Driving at night is more dangerous than driving during the day. That is not an opinion; it is a fact. The National Safety Council reports that 50 percent of traffic fatalities occur after dark. What makes that statistic even more concerning is that for all the time Americans spend on the road, only one quarter of it is at night.
Despite this alarming statistic, most people remain unaware of just how much danger they are in when they get behind the wheel or hop into a vehicle as a passenger after the sun has set.
While there are a variety of reasons why a greater number of car accidents happen at night than during daylight hours, a recent article in the New York Times focuses on a specific culprit: overly bright headlights on pickup trucks and sport utility vehicles (SUVs). The Times article examines the concerns many passenger car drivers have regarding the increased intensity of these “too-bright” headlights combined with the growing popularity of trucks and SUVs. As it turns out, those concerns are not unfounded.
In general, the innovations and advancements in headlight development and lighting technology are beneficial. However, the brighter lights combined with the higher position these lights sit at on an SUV or truck have led to concern and criticism regarding both their intensity level and their potential impact on the human eye.
Being struck in the eye with an intensely bright headlight can momentarily “blind” a driver, rendering them unable to act or react quickly enough to prevent a car accident. Even that split second of temporary “blindness” may put the driver, their passengers, and anyone else on the road – or in a crosswalk – at risk.
Headlights have steadily been getting brighter
If you are a driver who suspects that headlights have become brighter over the years – and especially in recent years – you are right. Gone are the days of sealed-beam headlights. While these headlights were used from the 1950s through the 1980s, their light output was simply inadequate. Halogen headlights arrived on the scene in the 1980s and early 1990s, with tungsten filaments and increased light output.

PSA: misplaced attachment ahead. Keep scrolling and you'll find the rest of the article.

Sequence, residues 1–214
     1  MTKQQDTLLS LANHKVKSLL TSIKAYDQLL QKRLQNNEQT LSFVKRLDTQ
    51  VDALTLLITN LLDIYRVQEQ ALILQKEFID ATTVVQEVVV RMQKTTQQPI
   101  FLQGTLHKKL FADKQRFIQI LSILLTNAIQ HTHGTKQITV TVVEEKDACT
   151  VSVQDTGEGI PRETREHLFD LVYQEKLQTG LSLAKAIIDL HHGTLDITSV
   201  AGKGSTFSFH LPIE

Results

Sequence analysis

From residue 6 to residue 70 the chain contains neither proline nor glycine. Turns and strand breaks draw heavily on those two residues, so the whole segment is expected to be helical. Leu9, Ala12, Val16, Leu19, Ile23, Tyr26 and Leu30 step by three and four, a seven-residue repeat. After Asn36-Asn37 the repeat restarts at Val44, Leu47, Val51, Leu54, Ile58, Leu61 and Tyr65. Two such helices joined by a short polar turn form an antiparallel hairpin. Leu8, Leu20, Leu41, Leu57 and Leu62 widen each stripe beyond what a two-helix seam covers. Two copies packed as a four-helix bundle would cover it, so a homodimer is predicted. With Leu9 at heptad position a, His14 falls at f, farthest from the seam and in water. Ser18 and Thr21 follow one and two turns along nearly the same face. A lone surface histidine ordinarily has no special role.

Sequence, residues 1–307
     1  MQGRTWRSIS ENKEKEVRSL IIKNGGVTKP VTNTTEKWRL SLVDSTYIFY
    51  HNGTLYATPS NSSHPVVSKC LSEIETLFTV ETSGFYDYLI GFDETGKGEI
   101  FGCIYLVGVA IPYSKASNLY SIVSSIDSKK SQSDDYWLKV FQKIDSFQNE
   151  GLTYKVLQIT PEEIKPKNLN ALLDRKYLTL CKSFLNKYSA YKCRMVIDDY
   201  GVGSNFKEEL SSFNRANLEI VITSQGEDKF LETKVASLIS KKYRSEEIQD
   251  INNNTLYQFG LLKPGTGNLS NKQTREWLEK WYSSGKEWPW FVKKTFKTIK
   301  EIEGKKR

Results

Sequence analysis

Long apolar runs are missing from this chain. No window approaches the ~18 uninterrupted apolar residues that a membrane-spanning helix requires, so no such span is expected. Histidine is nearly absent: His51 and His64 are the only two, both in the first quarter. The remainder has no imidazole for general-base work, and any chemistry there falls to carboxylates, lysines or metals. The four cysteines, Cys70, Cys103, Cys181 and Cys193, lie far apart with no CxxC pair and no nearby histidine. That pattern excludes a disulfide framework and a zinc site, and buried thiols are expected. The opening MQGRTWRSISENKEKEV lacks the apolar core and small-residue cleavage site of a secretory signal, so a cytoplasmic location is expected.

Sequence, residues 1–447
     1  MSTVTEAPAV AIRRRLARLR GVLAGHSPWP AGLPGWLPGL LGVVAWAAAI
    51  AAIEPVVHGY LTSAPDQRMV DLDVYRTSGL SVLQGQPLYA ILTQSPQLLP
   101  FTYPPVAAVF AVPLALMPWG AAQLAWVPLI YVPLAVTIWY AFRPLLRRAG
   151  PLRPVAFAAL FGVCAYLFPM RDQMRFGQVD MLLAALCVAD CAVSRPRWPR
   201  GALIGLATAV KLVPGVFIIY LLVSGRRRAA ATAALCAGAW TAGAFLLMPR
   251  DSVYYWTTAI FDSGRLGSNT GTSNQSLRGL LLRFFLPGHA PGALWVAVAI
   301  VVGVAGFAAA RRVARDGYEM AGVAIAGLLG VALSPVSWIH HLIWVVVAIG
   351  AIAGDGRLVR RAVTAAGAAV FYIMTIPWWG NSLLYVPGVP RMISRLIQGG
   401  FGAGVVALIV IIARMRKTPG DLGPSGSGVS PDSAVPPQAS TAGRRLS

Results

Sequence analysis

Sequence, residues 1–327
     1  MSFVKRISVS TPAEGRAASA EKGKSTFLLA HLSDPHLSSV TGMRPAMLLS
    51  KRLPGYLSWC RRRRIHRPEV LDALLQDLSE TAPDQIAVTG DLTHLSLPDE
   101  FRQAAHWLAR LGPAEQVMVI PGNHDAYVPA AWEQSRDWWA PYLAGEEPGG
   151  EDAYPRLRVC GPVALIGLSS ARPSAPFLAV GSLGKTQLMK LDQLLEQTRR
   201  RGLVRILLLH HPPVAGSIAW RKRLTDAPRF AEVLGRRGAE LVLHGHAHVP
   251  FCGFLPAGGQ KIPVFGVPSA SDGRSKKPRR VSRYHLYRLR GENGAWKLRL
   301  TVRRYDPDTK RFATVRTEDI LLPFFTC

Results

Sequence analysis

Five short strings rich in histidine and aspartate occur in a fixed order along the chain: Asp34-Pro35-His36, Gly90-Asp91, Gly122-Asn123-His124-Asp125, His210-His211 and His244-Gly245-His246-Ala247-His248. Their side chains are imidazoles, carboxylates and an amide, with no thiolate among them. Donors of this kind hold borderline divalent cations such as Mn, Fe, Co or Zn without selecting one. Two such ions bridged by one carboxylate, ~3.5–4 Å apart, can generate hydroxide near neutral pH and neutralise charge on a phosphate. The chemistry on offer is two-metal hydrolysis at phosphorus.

Headlight technology development continued to innovate and evolve over the years, and high-intensity discharge lights became popular in the late 1990s and early 2000s. The bright glow cast by these headlights was similar to the spectrum of daylight.
Most recently, in the 2010s, longer-lasting and more energy efficient LED headlights became standard on many motor vehicles. LED headlights had an added bonus – automakers felt they were a sexy, modern alternative to previous headlight styles.
What do today’s headlights do to the human eye?
Modern headlights hit the eye differently than past technology, according to experts. As the size of headlights has shrunk over the years, the concentration of light makes the light appear brighter. Experts say this may make the output spectrum of LED and high-intensity discharge headlights appear more blueish that that of halogen lights. Blueish light can cause more discomfort to the eye than a warm white or yellowish light.
Of course, the height at which headlights are mounted on tall pickup trucks and SUVs means that the light tends to hit anyone driving a low car, such as a sedan, right in the eyes. This is difficult to avoid since nearly half of the 280 million registered passenger vehicles in the United States are pickup trucks and SUVs. The sheer number of these vehicles on the roads makes them – and their headlights – nearly impossible to avoid.
Headlight glare is not a new issue
Complaints about the glare from other cars’ headlights are nothing new, according to the Times article. In fact, complaints go back at least two decades, which makes sense since that’s when brighter headlights really started to gain popularity.